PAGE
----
The agency has been drafting its policy outside of public view. Even the National Rifle Assn. was unaware of it. ...
Ari Ne'eman, a member of the National Council on Disability, said the independent federal agency would oppose any policy that used assignment of a representative payee as a basis to take any fundamental right from people with disabilities.
"The rep payee is an extraordinarily broad brush," he said.
     By the way back in January 2013, I predicted this was coming.

19 comments:

Anonymous said...

One problem is that Social Security has never given criteria by which someone should be considered capable or not.

Anonymous said...

This is under "you can't have your cake and eat it too!"

Meaning, you shouldn't get this money every month for severe mental health issues and claim you are competent enough to have guns.

Both SS and the VA need to do this crackdown.

The definition of 100% disabled with the VA is "total gross impairment."

But the minute you tell one of these 100% mentally disabled vets this, they start screaming about their gun rights and claim competence. Which is it?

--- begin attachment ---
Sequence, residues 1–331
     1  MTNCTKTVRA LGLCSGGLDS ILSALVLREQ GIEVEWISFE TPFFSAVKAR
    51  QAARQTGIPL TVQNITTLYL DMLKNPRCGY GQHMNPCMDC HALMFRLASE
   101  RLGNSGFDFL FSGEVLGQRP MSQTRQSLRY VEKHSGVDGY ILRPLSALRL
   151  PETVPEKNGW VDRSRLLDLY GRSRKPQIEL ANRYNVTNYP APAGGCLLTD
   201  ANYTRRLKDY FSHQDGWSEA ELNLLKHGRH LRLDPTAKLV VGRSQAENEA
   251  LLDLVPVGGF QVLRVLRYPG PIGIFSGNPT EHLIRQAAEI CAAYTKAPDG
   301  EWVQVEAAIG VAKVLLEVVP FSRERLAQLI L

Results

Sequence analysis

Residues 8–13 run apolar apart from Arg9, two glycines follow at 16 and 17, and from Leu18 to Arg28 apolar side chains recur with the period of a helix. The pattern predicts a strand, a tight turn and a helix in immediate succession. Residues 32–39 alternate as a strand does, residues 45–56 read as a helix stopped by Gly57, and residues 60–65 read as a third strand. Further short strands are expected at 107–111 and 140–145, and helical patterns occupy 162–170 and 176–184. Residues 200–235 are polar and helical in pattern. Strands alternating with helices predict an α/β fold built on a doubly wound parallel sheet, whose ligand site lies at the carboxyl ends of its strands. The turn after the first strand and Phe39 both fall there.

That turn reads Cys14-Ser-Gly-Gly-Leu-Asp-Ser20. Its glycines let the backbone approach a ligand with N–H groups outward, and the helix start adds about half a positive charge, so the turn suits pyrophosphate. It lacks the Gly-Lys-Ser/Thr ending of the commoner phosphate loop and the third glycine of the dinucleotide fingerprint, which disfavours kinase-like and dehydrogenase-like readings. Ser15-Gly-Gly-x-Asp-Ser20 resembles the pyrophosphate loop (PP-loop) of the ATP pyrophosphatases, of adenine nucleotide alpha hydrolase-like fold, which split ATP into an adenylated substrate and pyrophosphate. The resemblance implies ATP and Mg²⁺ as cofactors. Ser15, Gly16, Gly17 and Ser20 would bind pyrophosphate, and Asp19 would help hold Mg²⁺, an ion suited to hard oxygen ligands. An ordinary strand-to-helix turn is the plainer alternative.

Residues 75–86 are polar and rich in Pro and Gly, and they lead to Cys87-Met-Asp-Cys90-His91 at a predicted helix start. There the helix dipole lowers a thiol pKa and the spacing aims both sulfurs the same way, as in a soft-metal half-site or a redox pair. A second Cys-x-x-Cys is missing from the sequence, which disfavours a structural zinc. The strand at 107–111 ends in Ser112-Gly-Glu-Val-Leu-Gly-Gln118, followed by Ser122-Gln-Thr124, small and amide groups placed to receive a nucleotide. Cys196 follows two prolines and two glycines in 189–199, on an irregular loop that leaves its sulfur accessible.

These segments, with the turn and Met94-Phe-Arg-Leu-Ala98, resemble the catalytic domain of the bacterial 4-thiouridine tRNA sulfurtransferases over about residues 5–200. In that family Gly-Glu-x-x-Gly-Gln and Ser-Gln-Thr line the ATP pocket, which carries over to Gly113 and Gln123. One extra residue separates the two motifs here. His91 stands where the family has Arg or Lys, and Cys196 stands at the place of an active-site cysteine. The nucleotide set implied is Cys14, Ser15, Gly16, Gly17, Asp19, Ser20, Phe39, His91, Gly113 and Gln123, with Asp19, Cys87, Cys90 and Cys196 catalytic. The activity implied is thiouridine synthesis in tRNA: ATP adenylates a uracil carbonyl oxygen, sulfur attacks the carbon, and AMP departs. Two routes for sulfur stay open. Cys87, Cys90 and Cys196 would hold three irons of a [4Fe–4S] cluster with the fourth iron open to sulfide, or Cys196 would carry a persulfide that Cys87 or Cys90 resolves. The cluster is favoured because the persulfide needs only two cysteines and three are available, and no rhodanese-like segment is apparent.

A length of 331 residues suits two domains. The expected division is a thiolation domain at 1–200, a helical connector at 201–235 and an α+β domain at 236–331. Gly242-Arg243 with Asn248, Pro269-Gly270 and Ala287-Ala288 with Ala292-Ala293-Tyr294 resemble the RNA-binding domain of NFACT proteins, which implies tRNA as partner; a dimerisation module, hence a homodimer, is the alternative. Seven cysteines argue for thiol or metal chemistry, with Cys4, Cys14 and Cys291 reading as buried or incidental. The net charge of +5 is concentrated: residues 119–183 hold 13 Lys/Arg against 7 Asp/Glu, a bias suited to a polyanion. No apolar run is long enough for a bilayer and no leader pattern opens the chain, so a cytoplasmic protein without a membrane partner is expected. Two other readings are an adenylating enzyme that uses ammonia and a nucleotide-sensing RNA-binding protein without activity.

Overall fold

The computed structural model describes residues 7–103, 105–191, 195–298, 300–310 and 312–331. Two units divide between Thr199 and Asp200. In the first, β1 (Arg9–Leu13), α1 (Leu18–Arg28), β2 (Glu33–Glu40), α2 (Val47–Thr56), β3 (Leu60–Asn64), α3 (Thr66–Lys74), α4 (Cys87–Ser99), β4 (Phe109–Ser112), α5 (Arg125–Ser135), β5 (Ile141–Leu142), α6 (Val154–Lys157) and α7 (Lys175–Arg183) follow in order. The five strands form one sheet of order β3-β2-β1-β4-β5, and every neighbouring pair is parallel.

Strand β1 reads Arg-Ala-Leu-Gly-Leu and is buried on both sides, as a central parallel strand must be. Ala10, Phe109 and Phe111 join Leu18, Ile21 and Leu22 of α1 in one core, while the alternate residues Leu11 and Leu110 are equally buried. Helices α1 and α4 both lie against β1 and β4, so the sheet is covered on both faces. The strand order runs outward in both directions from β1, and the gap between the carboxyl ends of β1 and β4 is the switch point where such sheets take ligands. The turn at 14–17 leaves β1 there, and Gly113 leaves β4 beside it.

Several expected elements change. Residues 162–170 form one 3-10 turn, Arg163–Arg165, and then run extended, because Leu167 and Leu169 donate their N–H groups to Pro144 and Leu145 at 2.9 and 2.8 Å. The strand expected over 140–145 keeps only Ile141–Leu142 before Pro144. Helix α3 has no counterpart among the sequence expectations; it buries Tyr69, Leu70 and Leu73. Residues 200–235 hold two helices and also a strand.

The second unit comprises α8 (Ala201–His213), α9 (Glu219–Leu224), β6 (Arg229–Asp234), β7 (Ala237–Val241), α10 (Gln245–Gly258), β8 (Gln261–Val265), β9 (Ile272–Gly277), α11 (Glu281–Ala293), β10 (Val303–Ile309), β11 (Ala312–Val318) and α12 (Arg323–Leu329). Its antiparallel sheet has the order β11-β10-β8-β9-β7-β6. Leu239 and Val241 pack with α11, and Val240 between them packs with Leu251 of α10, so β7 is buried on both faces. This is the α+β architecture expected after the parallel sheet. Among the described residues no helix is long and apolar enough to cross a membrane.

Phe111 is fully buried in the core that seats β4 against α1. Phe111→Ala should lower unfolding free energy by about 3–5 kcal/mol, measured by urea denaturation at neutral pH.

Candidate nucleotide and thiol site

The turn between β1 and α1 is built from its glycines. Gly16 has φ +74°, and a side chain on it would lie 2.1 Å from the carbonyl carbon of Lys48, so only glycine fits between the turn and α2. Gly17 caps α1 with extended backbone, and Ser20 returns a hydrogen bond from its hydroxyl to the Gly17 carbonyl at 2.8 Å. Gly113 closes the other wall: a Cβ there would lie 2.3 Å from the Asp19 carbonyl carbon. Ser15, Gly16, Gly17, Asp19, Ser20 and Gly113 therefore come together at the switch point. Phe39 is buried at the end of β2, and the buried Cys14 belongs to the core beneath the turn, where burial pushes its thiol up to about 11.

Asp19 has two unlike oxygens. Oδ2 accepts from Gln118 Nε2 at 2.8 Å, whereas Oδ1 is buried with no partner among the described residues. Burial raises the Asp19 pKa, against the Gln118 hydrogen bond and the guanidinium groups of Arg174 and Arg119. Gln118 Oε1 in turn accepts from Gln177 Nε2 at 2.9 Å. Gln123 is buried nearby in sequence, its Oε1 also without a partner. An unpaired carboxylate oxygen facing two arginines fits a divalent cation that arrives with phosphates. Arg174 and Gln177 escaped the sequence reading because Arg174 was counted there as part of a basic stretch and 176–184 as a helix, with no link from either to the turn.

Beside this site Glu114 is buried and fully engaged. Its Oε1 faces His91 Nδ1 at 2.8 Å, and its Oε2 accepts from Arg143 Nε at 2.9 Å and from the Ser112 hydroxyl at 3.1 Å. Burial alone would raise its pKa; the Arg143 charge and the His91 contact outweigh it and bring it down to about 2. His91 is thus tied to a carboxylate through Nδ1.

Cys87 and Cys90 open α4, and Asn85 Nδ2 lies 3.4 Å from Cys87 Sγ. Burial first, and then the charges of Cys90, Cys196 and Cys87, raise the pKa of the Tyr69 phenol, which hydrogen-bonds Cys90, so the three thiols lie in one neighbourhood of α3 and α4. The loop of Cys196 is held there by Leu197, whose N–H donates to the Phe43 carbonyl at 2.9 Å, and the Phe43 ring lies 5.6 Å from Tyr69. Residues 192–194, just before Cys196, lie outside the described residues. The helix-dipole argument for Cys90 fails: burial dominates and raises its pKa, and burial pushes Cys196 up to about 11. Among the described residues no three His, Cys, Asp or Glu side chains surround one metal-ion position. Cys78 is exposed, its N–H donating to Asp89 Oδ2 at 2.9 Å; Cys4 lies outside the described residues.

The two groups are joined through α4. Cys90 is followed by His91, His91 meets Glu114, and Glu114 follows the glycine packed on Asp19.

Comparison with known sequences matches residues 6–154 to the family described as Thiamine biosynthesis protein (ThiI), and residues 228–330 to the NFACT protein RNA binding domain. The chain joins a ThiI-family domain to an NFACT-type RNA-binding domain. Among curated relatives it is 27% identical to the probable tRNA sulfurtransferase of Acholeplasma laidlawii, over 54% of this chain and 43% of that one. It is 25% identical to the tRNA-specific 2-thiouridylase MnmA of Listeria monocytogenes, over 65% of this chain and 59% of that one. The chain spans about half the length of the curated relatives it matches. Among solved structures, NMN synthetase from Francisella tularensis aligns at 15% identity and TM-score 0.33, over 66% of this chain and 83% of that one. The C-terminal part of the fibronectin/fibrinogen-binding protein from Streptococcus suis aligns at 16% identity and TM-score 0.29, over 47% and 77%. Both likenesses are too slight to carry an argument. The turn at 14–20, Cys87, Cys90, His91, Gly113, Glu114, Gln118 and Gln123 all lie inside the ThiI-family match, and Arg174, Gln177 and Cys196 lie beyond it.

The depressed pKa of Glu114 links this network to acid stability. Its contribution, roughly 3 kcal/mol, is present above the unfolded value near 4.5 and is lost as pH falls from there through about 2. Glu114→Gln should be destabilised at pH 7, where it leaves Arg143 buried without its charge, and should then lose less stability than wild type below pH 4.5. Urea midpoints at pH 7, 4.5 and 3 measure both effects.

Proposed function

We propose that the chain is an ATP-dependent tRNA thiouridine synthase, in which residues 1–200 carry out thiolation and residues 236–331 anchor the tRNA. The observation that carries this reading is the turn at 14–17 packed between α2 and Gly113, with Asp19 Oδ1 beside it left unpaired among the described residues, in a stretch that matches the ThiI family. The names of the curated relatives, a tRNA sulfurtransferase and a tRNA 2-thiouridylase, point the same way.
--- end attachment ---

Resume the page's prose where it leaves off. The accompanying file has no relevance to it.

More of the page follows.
Now let's touch on the unscratched party: retired law enforcement.

Lots of these jokers are running around with PTSD and "total gross impairment" just like the vets, but nobody is coming after their guns despite their often getting paid for their disabilities also.

Anonymous said...

This will be a hard one for conservatives, who think to be disabled you need to be Steven Hawking, yet want everyone to be able to carry a gun everywhere they go.

Anonymous said...

Bad Idea. There is no direct relationship between capability to handle benefits and the mental capacity to own a firearm. And considering the nature of the gun control issue, considering all the other workloads and issues Social Security must deal with the Obama Administration is doing a gross disservice by drawing the Social Security Administration into this controversy.